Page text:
With Chicago schools poised to shift to a mask-optional policy next week, the district plans to renew a push to increase vaccination rates at schools with low vaccine uptake.
During a Facebook Live session Tuesday morning, CEO Pedro Martinez, alongside city health commissioner Dr. Alison Arwady, said the district planned to “double down” on vaccination efforts in school communities where uptake has stalled.
About 49% of students from 5 to 17 are vaccinated, but several schools on the South and West Sides had fewer than 10% of their student population fully vaccinated, according to data obtained by Chalkbeat Chicago.
Across the district, about 47% of 5- to 11-year-olds and 64% of 12- to 17-year-olds have received at least one dose of the COVID vaccine, according to the district’s latest figures.
The district will continue to host mobile vaccination clinics at city schools, and would be reaching out to community partners to host additional events at schools with particularly low vaccination rates, Martinez said.
The district and department of health are looking for opportunities to engage parents where vaccination hesitancy exists, Arwady said.
The decision to remove a universal mask mandate, which will take effect March 14, comes as COVID cases have declined, and federal and state guidance has aligned on masks in schools. Late last month, the Centers for Disease Control and Prevention said schools could drop masks unless COVID cases and hospitalizations in the community were high.
Other COVID mitigation efforts such as testing, contact tracing, and quarantine of unvaccinated students will remain in place. Students who have tested positive will have to wear masks for five days when returning to schools after quarantining, Arwady said.
Masking could return in the event of another surge or the emergence of another variant, Arwady said.
Still, the move to lift the mask mandate could violate a safety agreement between the district and the Chicago Teachers Union. The agreement was forged after district officials canceled five days of classes when teachers walked out over safety concerns amid the rise of COVID-19 cases across the city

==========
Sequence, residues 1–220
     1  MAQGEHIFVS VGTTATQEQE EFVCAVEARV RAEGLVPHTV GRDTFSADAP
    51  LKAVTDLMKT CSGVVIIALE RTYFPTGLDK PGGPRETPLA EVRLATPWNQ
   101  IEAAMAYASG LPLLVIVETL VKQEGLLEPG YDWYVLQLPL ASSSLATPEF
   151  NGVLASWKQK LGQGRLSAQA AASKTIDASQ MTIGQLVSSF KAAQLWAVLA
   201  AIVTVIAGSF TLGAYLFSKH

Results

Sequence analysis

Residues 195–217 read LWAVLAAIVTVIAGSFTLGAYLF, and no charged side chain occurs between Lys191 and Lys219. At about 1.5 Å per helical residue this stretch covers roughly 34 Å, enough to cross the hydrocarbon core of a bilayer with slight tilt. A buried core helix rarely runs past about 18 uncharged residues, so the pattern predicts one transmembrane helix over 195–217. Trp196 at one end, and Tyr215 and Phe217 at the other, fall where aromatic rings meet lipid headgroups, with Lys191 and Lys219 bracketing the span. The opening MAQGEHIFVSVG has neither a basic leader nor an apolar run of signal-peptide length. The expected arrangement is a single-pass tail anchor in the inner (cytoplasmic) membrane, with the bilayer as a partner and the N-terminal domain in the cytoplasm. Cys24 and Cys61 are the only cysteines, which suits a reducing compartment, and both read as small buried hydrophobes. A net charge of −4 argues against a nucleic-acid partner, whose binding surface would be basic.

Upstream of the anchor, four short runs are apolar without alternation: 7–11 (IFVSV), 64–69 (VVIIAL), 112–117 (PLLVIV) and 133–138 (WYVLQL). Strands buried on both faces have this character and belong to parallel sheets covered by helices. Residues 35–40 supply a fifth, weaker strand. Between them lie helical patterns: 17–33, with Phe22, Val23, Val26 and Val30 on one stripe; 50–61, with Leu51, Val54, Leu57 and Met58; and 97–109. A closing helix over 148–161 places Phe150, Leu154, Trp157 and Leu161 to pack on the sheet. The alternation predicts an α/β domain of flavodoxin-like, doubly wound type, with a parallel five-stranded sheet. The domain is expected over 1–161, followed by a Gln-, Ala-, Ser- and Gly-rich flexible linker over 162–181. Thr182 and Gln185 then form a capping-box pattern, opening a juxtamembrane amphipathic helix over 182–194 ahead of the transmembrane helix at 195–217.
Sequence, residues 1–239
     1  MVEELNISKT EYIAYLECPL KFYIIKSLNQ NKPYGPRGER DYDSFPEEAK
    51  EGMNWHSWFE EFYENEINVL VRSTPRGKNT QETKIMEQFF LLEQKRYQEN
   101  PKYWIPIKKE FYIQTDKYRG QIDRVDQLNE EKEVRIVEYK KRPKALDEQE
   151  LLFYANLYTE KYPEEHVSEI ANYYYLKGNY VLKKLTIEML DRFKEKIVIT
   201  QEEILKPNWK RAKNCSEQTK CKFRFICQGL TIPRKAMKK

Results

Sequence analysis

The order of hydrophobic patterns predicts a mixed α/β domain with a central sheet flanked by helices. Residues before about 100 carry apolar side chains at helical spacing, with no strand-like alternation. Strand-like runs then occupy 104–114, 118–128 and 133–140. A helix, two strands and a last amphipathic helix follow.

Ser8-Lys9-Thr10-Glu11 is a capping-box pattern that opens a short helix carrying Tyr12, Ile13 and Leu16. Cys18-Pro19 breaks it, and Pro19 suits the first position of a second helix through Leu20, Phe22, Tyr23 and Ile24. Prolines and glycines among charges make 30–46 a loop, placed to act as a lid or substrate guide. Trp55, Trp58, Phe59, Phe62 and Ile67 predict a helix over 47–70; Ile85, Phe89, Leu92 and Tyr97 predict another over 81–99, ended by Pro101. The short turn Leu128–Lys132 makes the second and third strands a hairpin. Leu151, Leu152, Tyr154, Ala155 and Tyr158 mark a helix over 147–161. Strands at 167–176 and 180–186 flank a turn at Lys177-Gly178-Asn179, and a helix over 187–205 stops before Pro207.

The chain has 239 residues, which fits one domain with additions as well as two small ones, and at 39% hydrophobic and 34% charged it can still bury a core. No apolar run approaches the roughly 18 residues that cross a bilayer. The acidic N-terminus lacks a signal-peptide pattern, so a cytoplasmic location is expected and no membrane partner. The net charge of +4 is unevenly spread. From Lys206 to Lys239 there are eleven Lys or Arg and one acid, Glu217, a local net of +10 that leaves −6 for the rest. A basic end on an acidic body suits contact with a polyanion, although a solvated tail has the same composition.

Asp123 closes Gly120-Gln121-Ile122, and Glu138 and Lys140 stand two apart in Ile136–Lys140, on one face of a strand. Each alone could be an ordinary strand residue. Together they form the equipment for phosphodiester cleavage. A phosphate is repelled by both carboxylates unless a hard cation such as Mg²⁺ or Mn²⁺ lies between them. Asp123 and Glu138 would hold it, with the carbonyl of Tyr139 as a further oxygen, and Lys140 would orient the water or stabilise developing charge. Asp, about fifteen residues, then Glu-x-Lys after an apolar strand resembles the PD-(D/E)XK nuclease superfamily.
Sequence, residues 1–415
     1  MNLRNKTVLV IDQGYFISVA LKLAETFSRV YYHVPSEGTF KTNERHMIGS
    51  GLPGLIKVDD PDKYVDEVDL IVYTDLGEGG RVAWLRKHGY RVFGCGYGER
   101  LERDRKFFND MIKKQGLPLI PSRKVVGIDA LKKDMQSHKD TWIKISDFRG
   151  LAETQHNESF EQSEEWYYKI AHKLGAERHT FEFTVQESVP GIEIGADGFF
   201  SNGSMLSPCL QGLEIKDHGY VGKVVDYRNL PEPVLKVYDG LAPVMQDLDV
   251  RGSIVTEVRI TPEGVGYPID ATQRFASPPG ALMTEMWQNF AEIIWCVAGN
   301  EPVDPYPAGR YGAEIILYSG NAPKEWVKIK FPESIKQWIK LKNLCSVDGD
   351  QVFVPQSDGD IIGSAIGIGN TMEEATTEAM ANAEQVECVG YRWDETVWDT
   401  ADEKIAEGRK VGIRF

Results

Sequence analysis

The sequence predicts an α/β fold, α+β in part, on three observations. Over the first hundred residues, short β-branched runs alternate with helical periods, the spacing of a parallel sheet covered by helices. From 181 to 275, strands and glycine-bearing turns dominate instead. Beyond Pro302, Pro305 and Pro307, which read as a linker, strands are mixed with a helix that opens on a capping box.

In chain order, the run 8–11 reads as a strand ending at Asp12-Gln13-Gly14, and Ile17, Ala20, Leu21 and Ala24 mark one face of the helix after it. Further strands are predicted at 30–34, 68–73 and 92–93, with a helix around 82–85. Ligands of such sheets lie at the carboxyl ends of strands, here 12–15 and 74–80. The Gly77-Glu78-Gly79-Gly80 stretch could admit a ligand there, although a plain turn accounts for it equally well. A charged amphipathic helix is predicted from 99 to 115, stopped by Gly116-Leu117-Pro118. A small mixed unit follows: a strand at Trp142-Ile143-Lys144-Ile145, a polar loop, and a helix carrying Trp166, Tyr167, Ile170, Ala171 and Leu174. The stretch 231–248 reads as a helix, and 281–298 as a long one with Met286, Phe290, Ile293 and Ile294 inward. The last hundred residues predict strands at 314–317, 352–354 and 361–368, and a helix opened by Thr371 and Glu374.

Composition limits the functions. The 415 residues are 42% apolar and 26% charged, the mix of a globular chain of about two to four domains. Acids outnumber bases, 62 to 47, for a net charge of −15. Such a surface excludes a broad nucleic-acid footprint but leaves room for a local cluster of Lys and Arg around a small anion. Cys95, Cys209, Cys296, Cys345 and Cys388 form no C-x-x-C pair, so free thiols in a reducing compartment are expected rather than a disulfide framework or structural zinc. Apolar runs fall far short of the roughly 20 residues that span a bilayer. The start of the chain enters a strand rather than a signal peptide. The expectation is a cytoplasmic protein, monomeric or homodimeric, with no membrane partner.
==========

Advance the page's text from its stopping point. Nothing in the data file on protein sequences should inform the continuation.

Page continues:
The shift to mask-optional could hinder progress and harm schools with low vaccination rates, union leaders argued.
The union planned on filing an unfair labor practice complaint against the district — and could potentially set up another standoff with the district.
But Martinez said the district was working with the teachers union and didn’t anticipate another walkout.
Amid the sharp decline in COVID cases, officials have argued that the risk level in Chicago schools is the lowest since the start of the pandemic. Even with the change in policy starting next week, the district is strongly encouraging masks to be worn indoors, especially in schools with low vaccination rates.
The shift in policy was also influenced by legal challenges from a downstate attorney representing a handful of parents in Mt. Greenwood schools, Martinez added.
In avoiding a court ruling, CPS officials will maintain the ability to respond to the changes of the pandemic in a timely manner should cases increase, Martinez said.
As of Tuesday, the city is currently averaging about 191 cases, 16 hospitalizations, and about three deaths every seven days. The positivity rate is less than 1%, according to the Chicago Department of Public Health’s dashboard.
Last week, 141 students and 53 staff tested positive for COVID-19 between Feb. 27 and March 3. About 402 students and 56 staff were quarantined as of March 3, according to the district.
In response to the mask policy change, Activate Chicago Parents held a press conference Tuesday morning, where a number of parents raised concerns over the decision to lift the mandate without consulting parents.
CPS parent Jesu Estrada said she was “disgusted” but not surprised by the district’s decision. She said the move to lift the mask mandate after the St. Patrick’s Day celebration made no sense and would “imperil” kids, teachers, and families.
Her son Antonio Breed said his class had been quarantined six times since the start of the pandemic. Even as city officials move to lift the mask mandate, the sixth grader said COVID-19 still a “pressing issue.”
“It’s staggering to see how many people have been infected and affected by the pandemic,” Breed said.
Some parents offered support for a potential teacher strike to keep students protected.
But Cristine, a CPS substitute who did not share her last name, supported the district’s stance to lift the mask mandate and said a strike would be detrimental to students.
Parent Amarillis Molina-Deleon said there needed to be a balance for the best interest of the children.
“I don’t think a strike is a solution. I don’t think removing masks is the solution. We have to find a balance,” Molina-Deleon said. “We have to work for the safety and the health of our children. Our children don’t have time to waste. Time is passing, they’re graduating without the skills they need.”
Mauricio Peña is a reporter for Chalkbeat Chicago, covering K-12 schools. Contact Mauricio at email@example.com.